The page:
Marc tells Kerry how he discovered this short sketch by Bruckner, which is about sunset and lasts "less time than the orchestra takes to tune in a symphony."

 

Plaque of Anton Bruckner

 

Picture of sunset
What would music sound like that describes this arrival of evening?

 

Leica Camera: Bruckner Edition
There's a Leica camera named for this composer...of course there is.

 

Anne-Marie McDermott and Bach

Read more about Anne Marie McDermott.

 

Daniel Phillips plays the 1st movement of Winter from Vivaldi's 4 Seasons

Violinist Daniel Phillips enjoys a versatile career as an established chamber musician, solo artist and teacher. When he's not performing he is Professor of Violin at the Aaron Copland School of Music.

Walter Braunfels 1902

Walter Braunfels 1902

WALTER BRAUNFELS (1882-1954)
String Quintet in F-sharp Minor, Op. 63 (1944-45)

  • Allegro
  • Adagio
  • Scherzo: Vivace energico
  • Finale-Rondo: Lento
  • Allegro moderato
  • Tempo di Rondo

Giora Schmidt, violin; Jennifer Frautschi, violin; Lily Francis, viola; Sophie Shao, cello; Nicholas Canellakis, cello

 

In this unedited excerpt from their conversation, Marc and Kerry discuss the SFCMF's presentation of Walter Braunfel's String Quintet in F-sharp Minor.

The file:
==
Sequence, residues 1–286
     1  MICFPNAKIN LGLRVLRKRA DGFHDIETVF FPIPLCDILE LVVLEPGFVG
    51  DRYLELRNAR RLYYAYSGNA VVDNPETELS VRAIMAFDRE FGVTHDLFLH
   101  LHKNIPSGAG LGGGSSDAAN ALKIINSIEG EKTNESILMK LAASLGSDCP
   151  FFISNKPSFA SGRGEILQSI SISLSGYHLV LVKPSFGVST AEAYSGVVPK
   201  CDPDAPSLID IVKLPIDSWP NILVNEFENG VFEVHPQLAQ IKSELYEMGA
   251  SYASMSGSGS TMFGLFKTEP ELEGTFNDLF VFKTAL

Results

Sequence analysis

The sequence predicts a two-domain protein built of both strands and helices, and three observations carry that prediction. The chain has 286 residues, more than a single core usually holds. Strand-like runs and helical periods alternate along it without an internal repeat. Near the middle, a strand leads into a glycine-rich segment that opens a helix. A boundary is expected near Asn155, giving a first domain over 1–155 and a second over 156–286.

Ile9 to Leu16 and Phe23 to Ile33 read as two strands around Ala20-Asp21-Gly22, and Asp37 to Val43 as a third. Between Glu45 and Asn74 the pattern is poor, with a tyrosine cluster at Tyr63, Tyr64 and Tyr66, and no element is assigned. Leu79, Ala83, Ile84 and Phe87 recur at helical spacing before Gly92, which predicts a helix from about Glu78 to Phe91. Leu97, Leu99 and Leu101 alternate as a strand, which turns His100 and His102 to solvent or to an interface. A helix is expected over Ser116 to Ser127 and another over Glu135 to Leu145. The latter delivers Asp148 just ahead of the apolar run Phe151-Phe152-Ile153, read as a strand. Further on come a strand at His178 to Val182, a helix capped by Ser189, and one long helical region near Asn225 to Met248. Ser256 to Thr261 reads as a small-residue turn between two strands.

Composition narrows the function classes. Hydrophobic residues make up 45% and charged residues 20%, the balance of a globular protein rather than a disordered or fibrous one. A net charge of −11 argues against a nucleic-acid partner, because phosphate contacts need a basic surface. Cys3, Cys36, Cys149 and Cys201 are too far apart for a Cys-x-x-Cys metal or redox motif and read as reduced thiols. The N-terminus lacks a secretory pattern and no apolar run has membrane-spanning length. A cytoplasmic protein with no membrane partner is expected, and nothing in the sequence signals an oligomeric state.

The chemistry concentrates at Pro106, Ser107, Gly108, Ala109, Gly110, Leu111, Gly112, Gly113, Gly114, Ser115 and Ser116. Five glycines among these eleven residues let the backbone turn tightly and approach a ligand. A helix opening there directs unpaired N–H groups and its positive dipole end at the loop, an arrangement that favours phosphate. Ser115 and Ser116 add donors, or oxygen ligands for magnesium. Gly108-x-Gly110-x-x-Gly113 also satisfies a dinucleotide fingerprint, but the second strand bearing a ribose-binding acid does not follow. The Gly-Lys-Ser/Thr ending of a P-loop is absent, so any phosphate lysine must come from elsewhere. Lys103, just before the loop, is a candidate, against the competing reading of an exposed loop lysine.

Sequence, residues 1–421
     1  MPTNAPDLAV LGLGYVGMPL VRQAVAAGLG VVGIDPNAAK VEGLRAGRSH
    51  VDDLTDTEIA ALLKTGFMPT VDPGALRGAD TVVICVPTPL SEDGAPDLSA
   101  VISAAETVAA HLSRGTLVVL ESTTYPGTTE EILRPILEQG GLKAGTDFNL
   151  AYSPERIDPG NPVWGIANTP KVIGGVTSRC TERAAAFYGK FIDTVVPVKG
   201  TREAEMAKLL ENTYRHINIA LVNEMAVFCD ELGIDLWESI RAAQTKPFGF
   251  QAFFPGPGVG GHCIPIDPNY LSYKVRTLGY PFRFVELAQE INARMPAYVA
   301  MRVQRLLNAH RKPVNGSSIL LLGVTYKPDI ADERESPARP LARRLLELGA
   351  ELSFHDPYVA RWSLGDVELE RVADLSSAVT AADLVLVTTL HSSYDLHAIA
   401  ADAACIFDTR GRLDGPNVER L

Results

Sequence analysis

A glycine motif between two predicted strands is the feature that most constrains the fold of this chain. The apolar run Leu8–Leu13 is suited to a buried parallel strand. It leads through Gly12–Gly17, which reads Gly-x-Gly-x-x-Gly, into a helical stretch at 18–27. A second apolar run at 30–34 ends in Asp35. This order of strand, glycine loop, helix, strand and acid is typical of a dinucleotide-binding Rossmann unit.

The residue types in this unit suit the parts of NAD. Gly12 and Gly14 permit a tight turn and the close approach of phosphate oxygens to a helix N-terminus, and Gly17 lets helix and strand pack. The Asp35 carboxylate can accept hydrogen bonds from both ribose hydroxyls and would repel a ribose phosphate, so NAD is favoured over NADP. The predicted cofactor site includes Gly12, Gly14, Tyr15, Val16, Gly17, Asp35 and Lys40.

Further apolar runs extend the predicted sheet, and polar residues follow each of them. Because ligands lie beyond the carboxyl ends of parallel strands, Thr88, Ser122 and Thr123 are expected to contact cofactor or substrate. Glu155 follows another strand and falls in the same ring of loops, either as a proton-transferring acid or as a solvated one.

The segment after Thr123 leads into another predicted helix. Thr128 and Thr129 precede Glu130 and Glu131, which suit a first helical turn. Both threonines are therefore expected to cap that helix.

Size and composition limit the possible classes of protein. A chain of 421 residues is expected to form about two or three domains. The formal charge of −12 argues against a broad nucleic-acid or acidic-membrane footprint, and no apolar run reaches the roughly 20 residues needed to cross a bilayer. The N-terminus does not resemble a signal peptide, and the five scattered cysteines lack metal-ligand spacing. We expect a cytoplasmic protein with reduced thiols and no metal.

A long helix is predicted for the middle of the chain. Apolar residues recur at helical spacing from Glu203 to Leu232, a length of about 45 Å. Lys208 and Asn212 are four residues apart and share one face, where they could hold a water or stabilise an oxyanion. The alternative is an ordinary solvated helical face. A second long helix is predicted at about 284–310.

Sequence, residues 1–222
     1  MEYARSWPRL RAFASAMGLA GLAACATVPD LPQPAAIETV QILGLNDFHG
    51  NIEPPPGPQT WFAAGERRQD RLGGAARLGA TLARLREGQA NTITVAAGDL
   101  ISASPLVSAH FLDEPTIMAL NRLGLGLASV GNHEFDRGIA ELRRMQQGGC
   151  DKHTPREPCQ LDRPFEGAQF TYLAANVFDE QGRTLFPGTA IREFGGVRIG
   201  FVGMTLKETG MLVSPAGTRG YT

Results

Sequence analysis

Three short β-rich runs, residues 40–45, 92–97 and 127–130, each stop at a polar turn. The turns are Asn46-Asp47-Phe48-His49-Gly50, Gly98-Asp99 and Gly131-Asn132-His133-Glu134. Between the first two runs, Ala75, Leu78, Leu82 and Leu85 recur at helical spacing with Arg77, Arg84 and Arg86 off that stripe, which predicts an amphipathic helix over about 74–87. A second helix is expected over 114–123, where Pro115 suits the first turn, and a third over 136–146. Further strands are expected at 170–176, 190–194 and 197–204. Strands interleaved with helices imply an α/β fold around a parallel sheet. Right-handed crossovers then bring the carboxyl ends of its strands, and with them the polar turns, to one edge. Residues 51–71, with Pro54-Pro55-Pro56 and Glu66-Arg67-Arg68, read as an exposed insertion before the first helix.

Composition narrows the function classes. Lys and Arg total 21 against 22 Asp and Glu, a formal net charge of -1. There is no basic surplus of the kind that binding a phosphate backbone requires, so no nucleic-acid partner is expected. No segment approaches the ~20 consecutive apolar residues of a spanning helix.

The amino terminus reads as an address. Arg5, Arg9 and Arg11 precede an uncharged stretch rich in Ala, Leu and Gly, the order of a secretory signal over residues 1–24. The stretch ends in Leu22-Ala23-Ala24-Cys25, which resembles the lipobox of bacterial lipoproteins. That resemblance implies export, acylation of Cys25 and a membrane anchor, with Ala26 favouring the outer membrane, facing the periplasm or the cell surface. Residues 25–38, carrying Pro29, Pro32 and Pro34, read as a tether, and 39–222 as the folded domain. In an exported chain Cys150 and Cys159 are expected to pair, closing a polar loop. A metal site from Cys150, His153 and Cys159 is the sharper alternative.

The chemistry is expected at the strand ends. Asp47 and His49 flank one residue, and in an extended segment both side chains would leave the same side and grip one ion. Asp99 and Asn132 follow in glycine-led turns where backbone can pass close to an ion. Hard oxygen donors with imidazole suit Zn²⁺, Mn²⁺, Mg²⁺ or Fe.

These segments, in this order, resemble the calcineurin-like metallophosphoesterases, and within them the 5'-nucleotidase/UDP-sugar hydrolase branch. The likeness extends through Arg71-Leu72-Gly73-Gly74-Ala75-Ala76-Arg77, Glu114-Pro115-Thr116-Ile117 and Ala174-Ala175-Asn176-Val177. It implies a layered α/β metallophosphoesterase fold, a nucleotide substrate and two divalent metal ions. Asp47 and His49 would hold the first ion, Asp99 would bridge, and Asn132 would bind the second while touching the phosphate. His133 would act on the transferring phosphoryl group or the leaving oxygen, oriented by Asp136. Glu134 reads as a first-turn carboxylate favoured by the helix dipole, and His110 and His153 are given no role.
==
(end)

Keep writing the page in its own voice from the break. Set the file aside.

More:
The ARC Ensemble of the Royal Academy of Music in Toronto has just released a CD on Sony Masterworks of their performance of the Braunfels Quintet.
The ARC Ensemble of the Royal Academy of Music in Toronto has just released a CD on Sony Masterworks of their performance of the Braunfels Quintet. (Click for a larger view)

 

A SENSE OF EXILE is not always accompanied by geographical displacement. For those who failed to fulfill the Nazis' racial requirements, Germany itself presented an exile of sorts, as institutionalized intolerance, legalized discrimination and the incremental withdrawal of rights meant that it was possible to observe a familiar life without actually being able to participate in it. Such was the case for Walter Braunfels, a composer who lived in Germany through the war although his music was banned.

- Simon Wynberg, Artistic Director, ARC Ensemble

 

Marc tells Kerry that he first heard of Braunfels at a concert where his holocaust work, Through Roses was also performed. 'Great gift," he says of discovering this unknown composer.

 

Commissioned by New York's 92nd Street Y, Marc Neikrug's Through Roses portrays the musical flashbacks of Carl Stern, a Jewish violinist and Holocaust survivor who had been forced to perform for the Nazis at Auschwitz - watching as others, including his wife, were marched to their deaths. Now, as he reconciles his past, Stern, alone in a nursing home, becomes a prisoner of his own overwhelming memories.

Through Roses with Saul Rubinek – behind the scenes documentary

Walter Braunfels

Walter Braunfels

Find more about Through Roses at G. Schirmer and Chester Novello.

Read much more about Walter Braunfels.

Read more about the time and place, and the internal exile of German composers during WWII.

About the musicians...

The Cello Case

A short film with original score by Nick Canellakis. Synopsis: In the middle of the night, an obsessed cellist cannot sleep.

Additional Information